Finally, if a tenant or their landlord/unit owner violates the association’s rules and regulations or other governing documents, the Condominium Act has empowered the association to restrict the tenant’s ability to use the common elements. This also applies to the tenants of unit owners who become more than 90 days delinquent in the payment of their association dues.

With so many investor-owned units in South Florida condominium communities, significant percentages of tenants under short and long-term leases are likely to be a permanent characteristic. Associations should bear in mind that laws do exist to protect tenants’ rights in order to help ensure that associations avoid the possibility of unforeseen legal liabilities.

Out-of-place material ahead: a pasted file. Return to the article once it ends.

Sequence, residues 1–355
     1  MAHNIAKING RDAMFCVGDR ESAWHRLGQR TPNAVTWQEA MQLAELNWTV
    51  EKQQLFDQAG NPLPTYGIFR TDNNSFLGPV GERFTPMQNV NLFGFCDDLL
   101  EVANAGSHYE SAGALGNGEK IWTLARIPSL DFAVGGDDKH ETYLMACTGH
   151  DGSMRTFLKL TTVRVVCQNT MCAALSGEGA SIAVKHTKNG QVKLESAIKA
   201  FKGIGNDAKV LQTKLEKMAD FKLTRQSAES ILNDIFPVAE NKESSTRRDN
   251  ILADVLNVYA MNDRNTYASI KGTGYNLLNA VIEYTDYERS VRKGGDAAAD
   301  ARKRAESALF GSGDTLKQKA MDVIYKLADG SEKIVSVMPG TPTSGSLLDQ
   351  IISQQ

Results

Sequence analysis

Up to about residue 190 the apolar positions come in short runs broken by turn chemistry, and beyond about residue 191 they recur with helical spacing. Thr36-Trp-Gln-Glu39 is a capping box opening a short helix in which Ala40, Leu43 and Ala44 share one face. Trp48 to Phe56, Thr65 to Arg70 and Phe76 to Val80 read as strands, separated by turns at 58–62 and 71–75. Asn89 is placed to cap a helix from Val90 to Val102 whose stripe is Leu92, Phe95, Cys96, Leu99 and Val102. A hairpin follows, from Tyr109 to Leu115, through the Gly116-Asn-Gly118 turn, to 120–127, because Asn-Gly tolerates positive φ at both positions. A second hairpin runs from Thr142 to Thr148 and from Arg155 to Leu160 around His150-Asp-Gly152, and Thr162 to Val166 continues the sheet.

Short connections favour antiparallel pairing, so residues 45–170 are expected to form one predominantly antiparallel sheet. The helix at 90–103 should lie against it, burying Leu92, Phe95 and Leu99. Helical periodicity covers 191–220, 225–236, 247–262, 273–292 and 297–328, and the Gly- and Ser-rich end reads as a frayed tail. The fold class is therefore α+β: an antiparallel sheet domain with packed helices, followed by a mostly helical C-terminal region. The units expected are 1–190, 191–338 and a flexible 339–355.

LisaLerner.jpgThe firm’s Lisa A. Lerner authored an editorial feature about the nuances of construction contracts for condominium associations that appears in the July/August issue of Brickell Magazine, one of South Florida’s premier lifestyle magazines. Her article discusses the protections for associations that experienced attorneys recommend and include in their clients’ construction contracts.

Our firm congratulates Lisa for sharing her insight into this important topic with the readers of Brickell Magazine. Click here to read her feature in the magazine’s website.